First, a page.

Somaliland: Democracy And Self-Determination


By: Ahmed Kheyre

LONDON – Once again the thrust and parry of democratic debate has broken out across Somaliland as voters prepare to participate in the local council election scheduled for the 28th November 2012.

This is the third level of free and fair elections with individual mandate to take place in Somaliland.

First, there were the two directly elected Presidential elections, in which the latter saw the peaceful transition of power.

Secondly, the parliamentary elections based on a proportional representation system, which will be replaced by the “first past the post” system in the next vote.

And thirdly, the forthcoming local council elections to select Mayors, regional and council representatives, and to also determine the three parties will contest future Presidential and parliamentary elections.

All this and more in a de-facto state, unrecognized by the international community, which in itself is a remarkable achievement.


No, not just remarkable, but extraordinary.

But, then, Somaliland is an extraordinary place. A beacon of hope in Africa. It has been referred to as being Africa’s best kept secret.

However, what is most extraordinary about Somaliland is its people, the Somalilanders.

Irrespective of social, economic or community affiliation, Somalilanders have chosen to take their destiny in their own hands and are determined to make their country a de-jure state.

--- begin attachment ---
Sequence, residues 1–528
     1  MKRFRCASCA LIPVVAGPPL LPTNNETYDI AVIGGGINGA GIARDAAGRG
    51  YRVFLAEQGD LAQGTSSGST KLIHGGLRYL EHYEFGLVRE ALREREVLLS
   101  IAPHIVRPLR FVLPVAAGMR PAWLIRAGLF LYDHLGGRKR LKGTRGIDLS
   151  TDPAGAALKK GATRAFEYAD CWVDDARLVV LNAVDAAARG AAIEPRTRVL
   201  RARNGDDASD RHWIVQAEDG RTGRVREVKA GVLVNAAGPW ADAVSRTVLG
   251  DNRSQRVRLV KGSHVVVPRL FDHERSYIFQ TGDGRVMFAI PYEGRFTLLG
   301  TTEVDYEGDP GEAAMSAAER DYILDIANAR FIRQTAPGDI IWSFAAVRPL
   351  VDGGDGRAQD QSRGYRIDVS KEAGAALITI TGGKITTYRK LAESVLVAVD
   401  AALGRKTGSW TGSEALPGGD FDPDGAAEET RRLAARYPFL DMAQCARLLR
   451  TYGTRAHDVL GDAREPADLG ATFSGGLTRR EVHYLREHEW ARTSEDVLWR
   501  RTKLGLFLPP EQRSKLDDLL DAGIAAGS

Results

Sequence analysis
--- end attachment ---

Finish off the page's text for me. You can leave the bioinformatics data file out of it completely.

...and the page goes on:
Having said that, whilst Somaliland has lots of friends and admirers within the international community, it also has a lot of enemies.

For reasons only known to them, successive undemocratic and unrepresentative politicians from Somalia continue to lay claim to Somaliland.

Conveniently forgetting that in 1960 two sovereign and independent countries joined to form the defunct Somali Republic.

These politicians appear to be delusional, and sadly, the international community continues to feed that delusion.

Imbalanced, imperfect and un-ratified by the citizens of Somaliland, the union of 1960 was doomed to fail from the start.

And so it proved in 1991 with catastrophic results.

The destruction of the Somali Republic in 1991 laid waste to Somaliland, its people, its cities, everything.

Not to mention those who perished and continued to suffer in the mayhem in Somalia. The union in 1960 has a lot to answer for.

Since 1991 Somaliland has charted its own course, reclaimed its sovereignty, and declared its independence within its borders on the 26th of June 1960.

In the two decades since 1991, a new generation of Somalilanders have grown up knowing nothing but Somaliland and those of us old enough to remember the bad old days are divided into two camps; those who are Somalilanders, and those who keep rushing to Mogadishu only to be used and abused all over again.

There is an old truth “those who do not learn from their past are destined to repeat it”, as Somaliland’s democracy takes roots, I think we can safely say, lesson learned.